The effect of this is that the name input and the button are initially 10ch wide, and the email field is 30ch wide. Because we are in a flex layout, that flex-basis value is used as the starting point for the flex-grow or flex-shrink value. Think of them as multipliers for the flex-basis value.

In this layout the "name" field and the button both have a flex-grow of 1, a flex-shrink of 1 and a flex-basis of 10ch. The e-mail field has a flex-grow of 3, a flex-shrink of 1 and a flex-basis of 30ch.

In other words, the email field starts out 3 times as wide as the other field, grows three times as fast but shrinks at the same rate.

How does that get us to 4 layouts?

That's where the flex-wrap comes into play. When elements do not naturally fit side-by-side, they go to the next row. Let's go layout-by-layout from small to large and see what happens.

The smallest layout

Screenshot of first layout

The three elements are stacked vertically. Here's what happens:

  • There is not enough space to have all three elements side-by-side (their total is 50ch wide, 10 + 30 + 10), so elements will wrap to the next row.
  • Two of them together (either name and email, or email and button) also don't fit, so the end result is that all of them are on their own row.
  • We end up with three rows.
  • Each row is it's own smaller flex layout, and each element on a single row is smaller than the total width.
  • All of them have a positive flex-grow value, and don't share their row with other element, so all of them grow to the full width of their own row.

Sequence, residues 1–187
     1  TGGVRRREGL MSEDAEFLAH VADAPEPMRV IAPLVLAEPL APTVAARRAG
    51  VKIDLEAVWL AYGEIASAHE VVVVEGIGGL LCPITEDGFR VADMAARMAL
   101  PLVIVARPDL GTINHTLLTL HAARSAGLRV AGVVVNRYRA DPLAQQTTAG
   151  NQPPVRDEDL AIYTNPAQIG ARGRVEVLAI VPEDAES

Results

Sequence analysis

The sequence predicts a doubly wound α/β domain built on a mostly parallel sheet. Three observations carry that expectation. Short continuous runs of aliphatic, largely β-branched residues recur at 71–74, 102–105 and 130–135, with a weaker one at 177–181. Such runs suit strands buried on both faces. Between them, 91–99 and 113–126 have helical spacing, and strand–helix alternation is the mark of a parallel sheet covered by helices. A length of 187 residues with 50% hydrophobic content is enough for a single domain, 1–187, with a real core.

The second layout

Screenshot of second layout

The name field takes the full width, and the email and subscribe button are on row together. Here's what happens:

  • There is not enough space to have all three elements side-by-side, so elements will wrap to the next row.
  • Things get sneaky. Even though the name field and the button have the same flex values, a button type element has a slightly different content size, so ends up being slightly smaller than a regular input field. Browsers, right?
  • Name + email don't fit on a single row so email wraps to the next row. Because of the tiny difference, email + button do fit on a single row.
  • We end up with two flex rows.
  • The first row has just the name, so that takes full width because of flex-grow.
  • The second row is wider than both the email field and button combined, so flex-grow is used to make them fill up the width, the email field at a much bigger ratio compared to the button.

If the last element was not a button, this layout wouldn't be possible.

The third layout

Screenshot of third layout

The name field and email field are shown side by side, with the button below it. What happens:

  • There is not enough space to have all three elements side-by-side so elements can wrap to the next row.
  • The name and email fields fit side by side, so it's just the button that wraps to the next row.
  • Name and email fill out the first row in their flex-grow/flex-basis ratio, and the button fills out the second row completely.

The fourth layout

Screenshot of fourth layout

This is the simplest layout. The total width is wider than all elements, so they're distributed on a single row in their respective ratio.

But what about that button? You'd expect it to be as wide as the name field, since they have the same flex value. But here's where the sneaky thing from the second layout comes into play again: the content size of the button is less wide and so ends up being smaller.

Responsive websites without media queries?

Recreating this layout with media queries is possible but would take you 3 breakpoints at set widths and only works when the form is the full width of the page.

With this flexbox solution you can place the form element anywhere and it will fit the element it's in, giving you even more flexibility than just media queries would give you.

Using modern layout algorithm like flexbox and grid give you a lot of extra flexibility when it comes to the way your elements are laid out without needing to explicitly define them. As you can see, they let you do some pretty powerful things!